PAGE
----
Independent Contractor Misclassification

Caught Between a Rock and a Hard Place

In the ensuing panic that resulted as the Great Recession took hold, some companies went belly up while others, both unscrupulous and not, chose to use questionable labor practices to help them survive and then dig out from underneath the rubble of the recessionary earthquake.

Hiring independent contractors instead of employees was one such practice that came under the close scrutiny of government regulatory agencies.

Defined as misclassification, hiring independent contractors helped companies sidestep certain requirements of the Fair Labor Standards Act (FLSA) and other labor laws.

Businesses that inappropriately engaged independent contractors incurred significant financial costs in the form of back wages, taxes, various worker protections premiums, damages and fees.

While the skeptics and conspiracy theorists question the altruistic intent of the US Department of Labor and the Internal Revenue Service (IRS) in investigating employers to protect employees, the fact remains that certain hiring practices have stringent guidelines.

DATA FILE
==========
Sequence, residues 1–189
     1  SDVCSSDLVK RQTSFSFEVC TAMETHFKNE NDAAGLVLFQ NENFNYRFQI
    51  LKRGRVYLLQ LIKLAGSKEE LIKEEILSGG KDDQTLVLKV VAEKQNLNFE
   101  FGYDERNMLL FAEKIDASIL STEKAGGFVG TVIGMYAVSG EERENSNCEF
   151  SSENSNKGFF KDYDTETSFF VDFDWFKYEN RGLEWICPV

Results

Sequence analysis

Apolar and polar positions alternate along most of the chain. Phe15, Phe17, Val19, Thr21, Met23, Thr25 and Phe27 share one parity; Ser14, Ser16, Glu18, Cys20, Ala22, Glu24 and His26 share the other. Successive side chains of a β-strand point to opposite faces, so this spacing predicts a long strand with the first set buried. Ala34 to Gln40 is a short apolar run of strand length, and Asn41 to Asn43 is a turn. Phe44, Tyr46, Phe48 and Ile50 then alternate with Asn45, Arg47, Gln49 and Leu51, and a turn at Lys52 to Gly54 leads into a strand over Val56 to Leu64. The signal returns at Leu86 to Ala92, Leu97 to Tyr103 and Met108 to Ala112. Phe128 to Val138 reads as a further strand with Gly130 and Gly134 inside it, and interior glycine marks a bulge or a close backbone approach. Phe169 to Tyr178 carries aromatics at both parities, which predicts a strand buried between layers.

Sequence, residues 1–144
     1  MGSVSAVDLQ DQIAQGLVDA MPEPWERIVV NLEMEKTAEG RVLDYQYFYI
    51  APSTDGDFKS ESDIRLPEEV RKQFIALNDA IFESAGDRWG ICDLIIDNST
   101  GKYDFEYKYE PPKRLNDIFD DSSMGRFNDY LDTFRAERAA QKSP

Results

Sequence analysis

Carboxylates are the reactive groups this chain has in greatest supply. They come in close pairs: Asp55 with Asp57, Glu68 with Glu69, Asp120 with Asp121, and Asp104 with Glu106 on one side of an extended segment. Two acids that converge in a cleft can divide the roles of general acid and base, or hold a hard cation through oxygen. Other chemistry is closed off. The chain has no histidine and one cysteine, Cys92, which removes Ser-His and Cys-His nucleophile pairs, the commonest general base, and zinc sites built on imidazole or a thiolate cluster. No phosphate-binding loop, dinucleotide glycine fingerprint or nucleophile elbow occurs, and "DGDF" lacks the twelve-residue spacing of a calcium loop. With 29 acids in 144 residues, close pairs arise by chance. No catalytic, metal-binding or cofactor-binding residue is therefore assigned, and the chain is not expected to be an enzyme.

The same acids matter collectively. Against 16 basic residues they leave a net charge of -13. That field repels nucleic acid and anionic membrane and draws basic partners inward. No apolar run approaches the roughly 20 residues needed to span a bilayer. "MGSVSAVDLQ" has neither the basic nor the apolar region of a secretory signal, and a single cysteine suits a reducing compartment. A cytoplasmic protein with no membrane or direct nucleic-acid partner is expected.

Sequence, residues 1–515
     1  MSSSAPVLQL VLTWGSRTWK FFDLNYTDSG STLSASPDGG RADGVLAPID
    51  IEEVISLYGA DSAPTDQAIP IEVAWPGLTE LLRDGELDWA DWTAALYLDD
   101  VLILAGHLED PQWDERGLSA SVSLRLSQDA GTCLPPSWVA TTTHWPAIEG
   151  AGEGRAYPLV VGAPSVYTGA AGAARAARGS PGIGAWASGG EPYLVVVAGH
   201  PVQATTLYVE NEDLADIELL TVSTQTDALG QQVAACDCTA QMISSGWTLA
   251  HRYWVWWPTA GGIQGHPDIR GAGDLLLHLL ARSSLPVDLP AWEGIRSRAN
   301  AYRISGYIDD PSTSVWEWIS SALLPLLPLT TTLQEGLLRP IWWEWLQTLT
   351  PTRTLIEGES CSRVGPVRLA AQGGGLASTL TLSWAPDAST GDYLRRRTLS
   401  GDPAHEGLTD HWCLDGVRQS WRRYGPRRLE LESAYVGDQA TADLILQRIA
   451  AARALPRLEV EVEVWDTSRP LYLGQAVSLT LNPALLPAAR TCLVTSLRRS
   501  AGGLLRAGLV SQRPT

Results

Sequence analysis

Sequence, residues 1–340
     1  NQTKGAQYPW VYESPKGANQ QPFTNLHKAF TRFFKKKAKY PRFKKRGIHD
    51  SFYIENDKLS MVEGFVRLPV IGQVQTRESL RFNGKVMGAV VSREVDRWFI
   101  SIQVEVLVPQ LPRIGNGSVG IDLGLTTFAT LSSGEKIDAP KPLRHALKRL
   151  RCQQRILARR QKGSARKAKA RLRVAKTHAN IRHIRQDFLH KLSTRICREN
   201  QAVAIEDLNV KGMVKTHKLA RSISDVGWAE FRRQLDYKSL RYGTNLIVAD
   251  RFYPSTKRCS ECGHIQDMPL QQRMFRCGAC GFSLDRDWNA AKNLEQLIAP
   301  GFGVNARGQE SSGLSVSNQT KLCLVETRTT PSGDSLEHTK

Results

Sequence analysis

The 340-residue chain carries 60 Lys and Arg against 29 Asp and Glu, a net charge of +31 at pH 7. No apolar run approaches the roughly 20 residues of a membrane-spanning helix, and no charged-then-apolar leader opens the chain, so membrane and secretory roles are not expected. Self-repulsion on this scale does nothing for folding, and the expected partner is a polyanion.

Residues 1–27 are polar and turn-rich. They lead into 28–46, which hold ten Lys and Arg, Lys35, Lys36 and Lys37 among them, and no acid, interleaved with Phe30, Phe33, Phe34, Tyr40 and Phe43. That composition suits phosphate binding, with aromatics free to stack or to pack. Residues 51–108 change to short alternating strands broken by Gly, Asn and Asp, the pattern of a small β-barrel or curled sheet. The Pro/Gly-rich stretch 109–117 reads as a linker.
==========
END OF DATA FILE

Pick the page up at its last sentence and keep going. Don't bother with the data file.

Hiring independent contractors is a legitimate labor practice in American commerce, but it comes with specific criteria that define the independent contractor role.

The IRS uses three characteristics: behavioral control, financial control and type of relationship, along with a twenty-factor test, to determine if a worker is an employee or an independent contractor.

The IRS provides these criteria as well as useful tools on their web site, including a Determination of Worker Status form, to help companies and workers evaluate their independent contractor relationships.

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